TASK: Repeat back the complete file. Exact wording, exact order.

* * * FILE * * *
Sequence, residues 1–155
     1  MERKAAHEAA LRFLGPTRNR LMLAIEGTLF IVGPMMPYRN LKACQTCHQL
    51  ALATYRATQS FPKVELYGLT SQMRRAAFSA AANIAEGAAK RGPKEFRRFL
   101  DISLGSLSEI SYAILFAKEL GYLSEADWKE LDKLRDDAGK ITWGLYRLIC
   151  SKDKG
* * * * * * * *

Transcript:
Sequence, residues 1–155
     1  MERKAAHEAA LRFLGPTRNR LMLAIEGTLF IVGPMMPYRN LKACQTCHQL
    51  ALATYRATQS FPKVELYGLT SQMRRAAFSA AANIAEGAAK RGPKEFRRFL
   101  DISLGSLSEI SYAILFAKEL GYLSEADWKE LDKLRDDAGK ITWGLYRLIC
   151  SKDKG